"In that vein we’ll continue to focus on branding, design and increase the share of high-tech products within our exports portfolio."

She also noted that the number of countries Turkey exported to and imported from with Turkish lira reached 174 and 110, respectively, as of November.

She stated that the volume of foreign trade conducted with Turkey's local currency in November totaled 10.1 billion lira ($2 billion), of which 47.5 percent in exports and the rest in imports.

UPDATE – Turkey's foreign trade deficit falls 93.8 pct in Oct.


By Muhammed Ali Gurtas

ANKARA (AA) – Turkey's foreign trade deficit in October fell 93.8 percent year-on-year, the country's statistical authority announced on Friday.

The country's foreign trade deficit in October totaled $456 million, improving from $7.3 billion deficit a year ago, according to the Turkish Statistical Institute (TurkStat).

Last month, Turkey's exports hit $15.72 billion — up 13 percent on a yearly basis –, as imports dropped to $16.17 billion with an annual decline of 23.8 percent.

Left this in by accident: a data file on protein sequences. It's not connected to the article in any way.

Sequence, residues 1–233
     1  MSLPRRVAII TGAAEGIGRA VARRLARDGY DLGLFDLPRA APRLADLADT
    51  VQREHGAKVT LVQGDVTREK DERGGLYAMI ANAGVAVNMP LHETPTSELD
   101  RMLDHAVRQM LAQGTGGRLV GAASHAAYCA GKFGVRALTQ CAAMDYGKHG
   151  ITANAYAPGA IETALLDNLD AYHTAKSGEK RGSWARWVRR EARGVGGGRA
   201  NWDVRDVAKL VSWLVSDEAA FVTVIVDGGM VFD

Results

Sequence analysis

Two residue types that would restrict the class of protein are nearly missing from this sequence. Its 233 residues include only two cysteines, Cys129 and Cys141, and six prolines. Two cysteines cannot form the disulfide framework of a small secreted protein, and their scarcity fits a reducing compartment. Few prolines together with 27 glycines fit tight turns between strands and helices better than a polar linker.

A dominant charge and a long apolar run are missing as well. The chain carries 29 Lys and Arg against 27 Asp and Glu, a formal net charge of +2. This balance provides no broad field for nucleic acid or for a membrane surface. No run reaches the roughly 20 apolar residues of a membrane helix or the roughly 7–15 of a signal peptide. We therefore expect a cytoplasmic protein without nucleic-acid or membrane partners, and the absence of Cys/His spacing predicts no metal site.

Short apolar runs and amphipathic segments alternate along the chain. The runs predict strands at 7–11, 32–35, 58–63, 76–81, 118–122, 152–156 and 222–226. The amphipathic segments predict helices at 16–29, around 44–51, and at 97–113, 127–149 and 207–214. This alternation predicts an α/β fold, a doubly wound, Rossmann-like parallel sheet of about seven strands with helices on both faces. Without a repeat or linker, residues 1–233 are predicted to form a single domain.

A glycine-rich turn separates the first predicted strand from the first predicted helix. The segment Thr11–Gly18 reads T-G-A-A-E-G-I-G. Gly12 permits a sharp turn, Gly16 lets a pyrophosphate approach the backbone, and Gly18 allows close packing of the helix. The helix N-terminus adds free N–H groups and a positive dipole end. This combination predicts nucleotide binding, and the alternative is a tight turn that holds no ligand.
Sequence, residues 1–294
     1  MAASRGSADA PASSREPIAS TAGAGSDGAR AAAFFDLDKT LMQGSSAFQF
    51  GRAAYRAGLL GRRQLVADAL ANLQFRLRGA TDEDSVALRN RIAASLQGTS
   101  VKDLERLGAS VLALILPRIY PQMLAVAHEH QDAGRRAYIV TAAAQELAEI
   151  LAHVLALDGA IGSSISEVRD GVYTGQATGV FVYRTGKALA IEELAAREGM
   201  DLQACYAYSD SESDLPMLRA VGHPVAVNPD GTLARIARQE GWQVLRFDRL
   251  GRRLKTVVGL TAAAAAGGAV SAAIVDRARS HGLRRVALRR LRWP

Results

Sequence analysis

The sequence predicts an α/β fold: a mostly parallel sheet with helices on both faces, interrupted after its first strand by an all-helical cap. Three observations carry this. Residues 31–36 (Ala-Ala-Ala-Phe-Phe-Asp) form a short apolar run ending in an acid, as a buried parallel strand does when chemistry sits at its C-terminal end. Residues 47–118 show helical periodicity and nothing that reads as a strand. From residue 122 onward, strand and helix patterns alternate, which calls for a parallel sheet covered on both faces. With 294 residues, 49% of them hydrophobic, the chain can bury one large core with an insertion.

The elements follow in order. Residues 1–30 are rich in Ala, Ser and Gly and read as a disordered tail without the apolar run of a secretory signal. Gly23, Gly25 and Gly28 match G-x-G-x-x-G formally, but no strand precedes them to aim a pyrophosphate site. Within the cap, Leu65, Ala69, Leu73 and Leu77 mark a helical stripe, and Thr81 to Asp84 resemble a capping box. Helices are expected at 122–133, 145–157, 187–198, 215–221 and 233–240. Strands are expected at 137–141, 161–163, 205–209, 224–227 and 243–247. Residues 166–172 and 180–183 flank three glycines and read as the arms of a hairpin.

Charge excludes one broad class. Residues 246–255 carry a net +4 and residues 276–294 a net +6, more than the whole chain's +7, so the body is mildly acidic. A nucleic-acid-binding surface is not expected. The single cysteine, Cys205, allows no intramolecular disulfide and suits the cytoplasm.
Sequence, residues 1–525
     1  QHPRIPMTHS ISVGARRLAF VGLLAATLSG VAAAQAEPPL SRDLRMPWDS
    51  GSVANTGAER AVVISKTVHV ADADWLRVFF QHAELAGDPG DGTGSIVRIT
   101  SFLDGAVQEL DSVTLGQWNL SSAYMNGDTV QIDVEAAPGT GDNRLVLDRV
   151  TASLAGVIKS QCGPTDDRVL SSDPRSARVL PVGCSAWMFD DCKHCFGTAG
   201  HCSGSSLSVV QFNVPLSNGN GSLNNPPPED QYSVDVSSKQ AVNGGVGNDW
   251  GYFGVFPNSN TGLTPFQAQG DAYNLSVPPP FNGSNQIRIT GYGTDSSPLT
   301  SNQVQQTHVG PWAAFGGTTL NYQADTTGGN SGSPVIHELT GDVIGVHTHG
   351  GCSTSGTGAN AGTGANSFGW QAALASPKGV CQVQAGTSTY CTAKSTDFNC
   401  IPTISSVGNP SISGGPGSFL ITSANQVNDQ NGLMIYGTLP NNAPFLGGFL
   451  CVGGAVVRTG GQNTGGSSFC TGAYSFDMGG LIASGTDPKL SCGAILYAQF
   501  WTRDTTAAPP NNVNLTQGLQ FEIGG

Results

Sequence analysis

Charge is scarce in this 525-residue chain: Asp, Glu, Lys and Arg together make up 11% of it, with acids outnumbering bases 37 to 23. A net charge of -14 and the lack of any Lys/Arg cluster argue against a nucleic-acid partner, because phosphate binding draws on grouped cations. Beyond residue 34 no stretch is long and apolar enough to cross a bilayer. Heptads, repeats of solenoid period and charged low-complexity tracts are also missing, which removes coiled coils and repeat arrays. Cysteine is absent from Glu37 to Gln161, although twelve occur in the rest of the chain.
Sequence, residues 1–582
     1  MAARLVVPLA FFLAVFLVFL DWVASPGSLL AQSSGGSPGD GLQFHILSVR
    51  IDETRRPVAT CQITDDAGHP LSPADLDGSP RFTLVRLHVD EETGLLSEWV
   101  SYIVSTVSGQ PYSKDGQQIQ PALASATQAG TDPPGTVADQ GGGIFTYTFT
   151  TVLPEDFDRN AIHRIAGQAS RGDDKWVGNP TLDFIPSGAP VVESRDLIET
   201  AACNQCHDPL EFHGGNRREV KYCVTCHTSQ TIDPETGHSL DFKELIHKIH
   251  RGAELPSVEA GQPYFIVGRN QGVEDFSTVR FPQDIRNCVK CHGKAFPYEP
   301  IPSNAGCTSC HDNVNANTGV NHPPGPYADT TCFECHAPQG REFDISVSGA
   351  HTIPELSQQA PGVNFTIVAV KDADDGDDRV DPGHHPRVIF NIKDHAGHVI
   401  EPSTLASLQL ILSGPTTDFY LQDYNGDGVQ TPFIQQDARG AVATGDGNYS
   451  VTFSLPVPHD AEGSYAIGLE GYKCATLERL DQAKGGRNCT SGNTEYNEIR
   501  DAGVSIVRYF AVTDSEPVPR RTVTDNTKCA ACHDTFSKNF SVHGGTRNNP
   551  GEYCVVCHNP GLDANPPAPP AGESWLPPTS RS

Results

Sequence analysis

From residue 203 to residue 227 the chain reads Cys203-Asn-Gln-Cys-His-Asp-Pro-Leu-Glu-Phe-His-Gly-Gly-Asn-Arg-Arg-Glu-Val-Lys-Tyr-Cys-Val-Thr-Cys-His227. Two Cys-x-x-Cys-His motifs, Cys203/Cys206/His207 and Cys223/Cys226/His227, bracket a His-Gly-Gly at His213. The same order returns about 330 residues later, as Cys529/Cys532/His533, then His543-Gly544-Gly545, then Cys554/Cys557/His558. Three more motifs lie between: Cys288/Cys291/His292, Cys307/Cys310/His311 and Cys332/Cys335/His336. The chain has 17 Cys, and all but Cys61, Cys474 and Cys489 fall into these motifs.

"In October 2018, exports coverage imports was 97.2 percent, while it was 65.6 percent in October 2017," TurkStat said.

Turkey's top partner for exports was Germany with $1.46 billion last month, followed by the U.K. ($1.07 billion), Italy ($877 million) and Iraq with $852 million.

"In October 2018, the top country for Turkey's imports was Russia with $1.86 billion.

"The country was followed by Germany with $1.56 billion, China with $1.37 billion and the U.S. with $883 million," the institute said.

– January-October period

Turkey's exports amounted to $138.7 billion in the 10-month period, marking an annual hike of 7.6 percent.

Imports totaled $190.3 billion — almost no change compared with $190.2 billion in January-October period last year.

Consequently, the country's foreign trade balance showed a deficit of $51.6 billion in the 10-month period, falling 15.7 percent on a yearly basis.

The EU was the top trade partner of Turkey, as exports to the EU were $69.8 billion — 50.3 percent of all exports — and imports from the EU were $69.1 billion.

Near and Middle Eastern countries with some $27.3 billion and African countries with around $11.6 billion were the other largest export markets for Turkish products.

On the imports side, the EU was followed by Asian countries with nearly $60.2 billion.

Over the past five years, the highest export-to-import ratio on a yearly basis was recorded in 2016 with 71.8 percent, while Turkey's foreign trade deficit has fallen from $99.8 billion in 2013 to $76.8 billion in 2017.

Turkey's foreign trade deficit falls 93.8 pct in Oct.

By Muhammed Ali Gurtas